“Jimmy Lai is obviously the one who runs the only newspaper which is still completely free. You know many other papers are bought by people on the side of government, there may still be some respectable reporters working for them but at the right moment they can suppress everything,” said Zen.
“So, there is a clear policy direction: suppress the freedom of expression.”
In Hong Kong, the diocese Zen led until 2009, the mainland government has imposed a sweeping new National Security Law, which criminalizes previously protected civil liberties under the headings of “sedition” and “foreign collusion.”
Before the law’s implementation, many Catholics, including Zen, warned that it could be used to silence the Church in Hong Kong, though the law was defended by Cardinal John Tong Hon, Zen’s successor in the diocese, who is currently serving as apostolic administrator.
“It was not even a criminal case,” said Zen of the recent re-arrest of Lai, but “they arrested Jimmy Lai and transferred the case to the hands of the National Security Department, which meant that the case has been classified to be much more serious. “
The cardinal called the decision to deny Lai bail “ridiculous.”
“Jimmy has been charged with many other criminal offenses [related to his pro-democracy activism] and still the bails were granted for these cases, but now for such trivial thing he is not even allowed bail?”
“This is evidently all about political persecution,” Zen told CNA, explaining that, since the National Security Law came into force on July 1, authorities in Hong Kong had launched a systematic crackdown on civil liberties.
“It seems that now they are attacking the resistance mainly on three fronts,” said Zen.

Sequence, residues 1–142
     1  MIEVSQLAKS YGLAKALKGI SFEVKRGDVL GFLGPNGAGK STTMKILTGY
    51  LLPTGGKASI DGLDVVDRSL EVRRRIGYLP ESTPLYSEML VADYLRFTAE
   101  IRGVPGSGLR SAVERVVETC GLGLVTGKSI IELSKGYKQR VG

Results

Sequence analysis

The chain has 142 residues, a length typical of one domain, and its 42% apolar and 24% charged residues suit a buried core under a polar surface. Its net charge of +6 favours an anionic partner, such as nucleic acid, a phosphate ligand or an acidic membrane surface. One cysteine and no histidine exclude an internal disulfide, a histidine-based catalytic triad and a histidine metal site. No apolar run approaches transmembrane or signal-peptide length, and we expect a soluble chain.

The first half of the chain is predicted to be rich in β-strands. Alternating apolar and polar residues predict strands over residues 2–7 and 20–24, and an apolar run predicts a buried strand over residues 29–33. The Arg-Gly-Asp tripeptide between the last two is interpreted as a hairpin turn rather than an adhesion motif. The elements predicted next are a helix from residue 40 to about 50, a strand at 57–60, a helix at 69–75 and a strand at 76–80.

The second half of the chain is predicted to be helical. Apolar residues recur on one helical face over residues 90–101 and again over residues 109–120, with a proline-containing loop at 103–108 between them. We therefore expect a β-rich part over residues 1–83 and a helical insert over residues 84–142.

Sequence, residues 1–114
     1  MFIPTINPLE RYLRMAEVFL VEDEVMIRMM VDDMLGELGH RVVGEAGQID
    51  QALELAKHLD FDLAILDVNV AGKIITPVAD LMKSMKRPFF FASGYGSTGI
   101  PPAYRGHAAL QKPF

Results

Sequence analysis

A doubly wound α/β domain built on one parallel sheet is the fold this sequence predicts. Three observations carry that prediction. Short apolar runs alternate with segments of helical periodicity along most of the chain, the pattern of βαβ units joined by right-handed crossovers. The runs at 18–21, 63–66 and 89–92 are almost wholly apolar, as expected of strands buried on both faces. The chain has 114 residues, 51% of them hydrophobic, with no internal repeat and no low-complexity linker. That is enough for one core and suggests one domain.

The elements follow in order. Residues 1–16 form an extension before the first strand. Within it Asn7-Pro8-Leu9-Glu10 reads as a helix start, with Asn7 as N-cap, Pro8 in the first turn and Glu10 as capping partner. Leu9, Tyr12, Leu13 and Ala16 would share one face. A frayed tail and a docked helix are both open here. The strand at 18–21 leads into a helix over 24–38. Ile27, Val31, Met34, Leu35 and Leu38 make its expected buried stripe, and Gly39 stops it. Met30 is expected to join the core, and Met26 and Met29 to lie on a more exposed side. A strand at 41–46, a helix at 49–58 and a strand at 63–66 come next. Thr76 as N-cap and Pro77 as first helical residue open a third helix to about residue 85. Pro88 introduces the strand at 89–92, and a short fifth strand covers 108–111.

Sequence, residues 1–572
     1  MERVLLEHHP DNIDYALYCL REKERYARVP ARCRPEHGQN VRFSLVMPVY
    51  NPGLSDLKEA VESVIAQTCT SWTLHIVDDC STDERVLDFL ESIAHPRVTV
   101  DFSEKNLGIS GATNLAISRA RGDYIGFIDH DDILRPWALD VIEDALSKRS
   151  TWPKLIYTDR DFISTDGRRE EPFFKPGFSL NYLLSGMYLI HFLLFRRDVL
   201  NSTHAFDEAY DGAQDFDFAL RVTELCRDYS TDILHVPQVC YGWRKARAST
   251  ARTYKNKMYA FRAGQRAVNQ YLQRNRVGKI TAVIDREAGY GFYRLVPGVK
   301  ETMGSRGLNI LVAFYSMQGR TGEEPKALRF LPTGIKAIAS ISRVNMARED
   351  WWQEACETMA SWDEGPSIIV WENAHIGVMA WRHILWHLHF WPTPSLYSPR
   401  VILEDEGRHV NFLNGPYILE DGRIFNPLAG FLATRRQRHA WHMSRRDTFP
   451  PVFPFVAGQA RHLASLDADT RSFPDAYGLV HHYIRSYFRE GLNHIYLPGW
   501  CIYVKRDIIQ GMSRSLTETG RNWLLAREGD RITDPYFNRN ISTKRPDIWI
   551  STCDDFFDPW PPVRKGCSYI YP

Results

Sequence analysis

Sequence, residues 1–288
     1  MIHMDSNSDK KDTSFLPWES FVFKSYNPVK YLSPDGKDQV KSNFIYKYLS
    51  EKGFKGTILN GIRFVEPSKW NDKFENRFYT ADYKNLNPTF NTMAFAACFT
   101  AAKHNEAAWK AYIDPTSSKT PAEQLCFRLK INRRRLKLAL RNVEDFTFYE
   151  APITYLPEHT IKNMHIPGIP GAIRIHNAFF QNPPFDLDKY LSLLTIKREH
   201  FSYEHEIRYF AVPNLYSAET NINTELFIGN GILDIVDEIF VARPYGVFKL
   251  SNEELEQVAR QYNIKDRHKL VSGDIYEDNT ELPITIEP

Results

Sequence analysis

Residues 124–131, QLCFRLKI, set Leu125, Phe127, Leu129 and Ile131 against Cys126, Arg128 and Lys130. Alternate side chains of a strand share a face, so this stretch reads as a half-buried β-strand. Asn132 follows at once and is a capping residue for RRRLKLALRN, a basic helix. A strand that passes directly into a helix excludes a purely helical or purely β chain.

“One is the court, they are intimidating the judges now; the second, as I said during the previous interview [with CNA], is the education; the third one is the press, many cases so far go against the free press.”
In November, three pro-democracy activists, including Catholic university student Agnes Chow, pled guilty on charges related to their roles in an “illegal assembly” in 2019. Last week, they were each sentenced to months in prison, with the possibility that they will face further charges.
Cardinal Zen told CNA that attacks on basic freedoms in Hong Kong extended beyond political repression and represented a growing threat to the Church.
(Story continues below)
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“I have often said that there would not be any religious freedom when there is no freedom,” Cardinal Zen told CNA this week.
“So, with this National Security Law, the leader of our diocese has been forced to declare his position, and unfortunately we can tell that our diocese is very obedient to these new instructions on both the preaching of the priests and the teaching in our schools.”
“The authorities of our diocese make every effort to comply with the government’s new instructions,” said Zen.
In recent months, the Diocese of Hong Kong has issued directives to Catholic schools on “fostering the correct values on national identity” and respecting Chinese national symbols including the flag and national anthem. It has also blocked a Catholic pro-democracy ad campaign and prayer that was set to run in local newspapers.
In September, Cardinal Tong wrote the priests of the diocese, warning them against addressing political issues in their homilies or instigating “social disorder.”
Cardinal Zen called the measures “very sad,” adding that “we can no more freely announce the gospel values” in Hong Kong, and said that “obviously” diocesan leaders had been told to comply with the government “by Vatican authorities.”